Deus Ex: Invisible War

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Deus Ex: Invisible War is a first-person computer and video game developed by Ion Storm Inc. and published by Eidos Interactive. Released simultaneously for Windows and the Xbox video game console on December 2, 2003,[1][2] the game is a sequel to the critically acclaimed Deus Ex. Invisible War was well-received commercially, holding 80 and 84 scores at Metacritic for the Windows and Xbox versions, respectively, and selling more than 300,000 copies in North America.[3][1][2] Despite this the game's critical reception was not as positive as its predecessor's—for example, PC Gamer gave Deus Ex a score of 94%,[4] while Invisible War received an 83%.[5] This was due to a large number of controversial design choices, which led certain critics to label the game as being dumbed down from its predecessor. It has sold more than 1.2 million copies, as of April 23rd, 2009.

Invisible War takes place twenty years after Deus Ex, in a world being rebuilt after a catastrophic event called The Collapse. Following a terrorist attack that destroys the city of Chicago, the player assumes the role of Alex D, a trainee at the fictional Tarsus Academy, whose support is sought by several organizations. As the game progresses, the player learns of conspiratorial factions which seek to drastically change the world. Invisible War was designed to allow player choice in both plot and gameplay, with branching plot lines and emergent gameplay elements.[6] This freedom of choice was widely praised by critics.[7][8][9]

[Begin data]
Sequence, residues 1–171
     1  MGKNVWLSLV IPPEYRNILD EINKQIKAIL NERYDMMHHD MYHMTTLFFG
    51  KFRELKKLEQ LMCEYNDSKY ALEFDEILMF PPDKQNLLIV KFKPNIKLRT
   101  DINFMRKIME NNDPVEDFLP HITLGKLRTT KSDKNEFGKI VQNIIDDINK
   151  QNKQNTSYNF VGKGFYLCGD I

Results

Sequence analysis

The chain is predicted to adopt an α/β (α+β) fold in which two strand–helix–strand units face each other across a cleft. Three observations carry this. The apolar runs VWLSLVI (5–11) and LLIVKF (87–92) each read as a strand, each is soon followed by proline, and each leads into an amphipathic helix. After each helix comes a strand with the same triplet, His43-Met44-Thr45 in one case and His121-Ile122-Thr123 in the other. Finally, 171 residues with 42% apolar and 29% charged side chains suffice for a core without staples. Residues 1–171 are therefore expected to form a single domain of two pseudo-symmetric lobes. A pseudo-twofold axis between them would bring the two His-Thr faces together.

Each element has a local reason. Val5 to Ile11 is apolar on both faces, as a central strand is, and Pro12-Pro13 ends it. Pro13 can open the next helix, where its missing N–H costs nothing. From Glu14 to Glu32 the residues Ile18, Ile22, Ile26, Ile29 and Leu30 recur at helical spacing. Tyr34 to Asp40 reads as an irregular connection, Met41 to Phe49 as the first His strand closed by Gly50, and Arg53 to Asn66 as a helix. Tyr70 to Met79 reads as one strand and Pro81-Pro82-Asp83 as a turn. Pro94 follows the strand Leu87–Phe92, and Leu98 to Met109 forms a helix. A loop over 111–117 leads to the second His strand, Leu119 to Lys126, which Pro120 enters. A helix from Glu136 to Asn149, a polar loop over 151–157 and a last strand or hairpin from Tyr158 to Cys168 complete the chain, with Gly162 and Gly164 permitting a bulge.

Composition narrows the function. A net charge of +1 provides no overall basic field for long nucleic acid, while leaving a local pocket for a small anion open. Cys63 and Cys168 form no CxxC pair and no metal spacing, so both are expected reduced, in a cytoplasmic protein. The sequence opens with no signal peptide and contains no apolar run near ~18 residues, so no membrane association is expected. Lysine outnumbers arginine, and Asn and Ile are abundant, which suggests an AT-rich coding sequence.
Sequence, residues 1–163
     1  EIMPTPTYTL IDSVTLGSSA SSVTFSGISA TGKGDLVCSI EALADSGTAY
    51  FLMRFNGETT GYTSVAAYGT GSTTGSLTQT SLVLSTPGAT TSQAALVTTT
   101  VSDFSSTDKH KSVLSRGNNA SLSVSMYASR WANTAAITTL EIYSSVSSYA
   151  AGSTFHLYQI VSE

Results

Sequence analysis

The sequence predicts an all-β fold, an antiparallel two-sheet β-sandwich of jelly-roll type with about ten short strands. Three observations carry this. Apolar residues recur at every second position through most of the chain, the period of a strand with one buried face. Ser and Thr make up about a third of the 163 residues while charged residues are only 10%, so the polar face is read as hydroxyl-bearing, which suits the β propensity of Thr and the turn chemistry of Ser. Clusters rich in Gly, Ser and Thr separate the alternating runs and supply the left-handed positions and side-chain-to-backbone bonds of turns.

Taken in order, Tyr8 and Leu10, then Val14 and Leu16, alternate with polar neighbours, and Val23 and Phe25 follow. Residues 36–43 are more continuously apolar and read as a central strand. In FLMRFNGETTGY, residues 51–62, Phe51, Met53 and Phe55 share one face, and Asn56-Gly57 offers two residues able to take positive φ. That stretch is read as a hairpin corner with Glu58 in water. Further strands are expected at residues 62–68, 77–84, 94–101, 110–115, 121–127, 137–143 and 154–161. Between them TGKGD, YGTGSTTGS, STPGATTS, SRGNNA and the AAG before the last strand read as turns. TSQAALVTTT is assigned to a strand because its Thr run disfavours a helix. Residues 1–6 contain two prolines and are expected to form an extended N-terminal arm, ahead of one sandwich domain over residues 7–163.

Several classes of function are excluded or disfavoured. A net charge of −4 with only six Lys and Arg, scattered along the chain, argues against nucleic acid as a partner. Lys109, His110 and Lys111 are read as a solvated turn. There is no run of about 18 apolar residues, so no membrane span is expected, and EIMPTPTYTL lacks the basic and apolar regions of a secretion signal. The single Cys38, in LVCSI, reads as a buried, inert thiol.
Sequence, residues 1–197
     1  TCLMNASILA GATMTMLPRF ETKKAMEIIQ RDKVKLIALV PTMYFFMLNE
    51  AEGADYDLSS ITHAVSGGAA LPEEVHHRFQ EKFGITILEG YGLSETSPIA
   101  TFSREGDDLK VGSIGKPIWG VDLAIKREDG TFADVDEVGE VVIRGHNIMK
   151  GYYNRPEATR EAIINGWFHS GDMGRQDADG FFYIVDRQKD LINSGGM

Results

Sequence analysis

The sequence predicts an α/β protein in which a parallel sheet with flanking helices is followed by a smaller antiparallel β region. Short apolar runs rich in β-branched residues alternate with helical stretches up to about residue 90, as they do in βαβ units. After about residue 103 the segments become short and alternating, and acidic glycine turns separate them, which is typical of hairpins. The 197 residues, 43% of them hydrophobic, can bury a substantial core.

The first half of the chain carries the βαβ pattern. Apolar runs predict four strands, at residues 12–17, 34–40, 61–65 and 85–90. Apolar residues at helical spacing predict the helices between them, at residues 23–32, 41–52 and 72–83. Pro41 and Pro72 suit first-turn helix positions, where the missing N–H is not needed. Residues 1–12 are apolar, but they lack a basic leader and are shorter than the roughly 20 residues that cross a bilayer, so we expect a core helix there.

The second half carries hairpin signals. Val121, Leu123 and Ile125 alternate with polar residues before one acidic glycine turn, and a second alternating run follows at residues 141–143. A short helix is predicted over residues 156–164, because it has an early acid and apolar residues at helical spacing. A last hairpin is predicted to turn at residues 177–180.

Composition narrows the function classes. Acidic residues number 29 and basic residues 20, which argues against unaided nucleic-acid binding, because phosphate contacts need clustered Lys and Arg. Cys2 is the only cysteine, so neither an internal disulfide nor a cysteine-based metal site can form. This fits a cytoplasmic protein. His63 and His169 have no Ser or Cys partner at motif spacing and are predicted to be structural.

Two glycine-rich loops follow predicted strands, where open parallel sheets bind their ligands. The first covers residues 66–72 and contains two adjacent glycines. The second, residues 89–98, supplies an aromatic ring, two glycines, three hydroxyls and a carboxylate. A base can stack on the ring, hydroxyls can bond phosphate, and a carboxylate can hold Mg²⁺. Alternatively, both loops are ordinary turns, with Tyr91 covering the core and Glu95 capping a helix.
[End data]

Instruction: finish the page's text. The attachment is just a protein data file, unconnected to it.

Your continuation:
Gameplay

Like its predecessor Deus Ex, Invisible War is a first-person game, playing from a character's eye view in a 3D environment. The game combines gameplay mechanics from multiple game genres, including stealth, role-playing and first-person shooter.[10] Regarding the categorization of Invisible War, Warren Spector stated, "... the whole genre thing, it's like 'Is Deus Ex a science-fiction game or a shooter?' Forget about shooter, role-playing, action and adventure... forget about those categories. ... [I]f I make a first-person perspective Western, is it a Western or a shooter? The whole idea of genre is a mess when you start applying it to games. It gets in the way of serious thought about games ... when you're in the trenches making a game, you're kinda just making a game".[11]

Player choice

Invisible War emphasizes player choice—for example, the player begins the game by selecting the player character's gender and skin color.[12] Some of the quests and dialogs varied, depending what gender was selected. The developers designed the game to allow multiple solutions for all of the game's situations, such as enabling the player to commandeer an airship by either bribing a guard, attacking with lethal force, or using stealth.[12]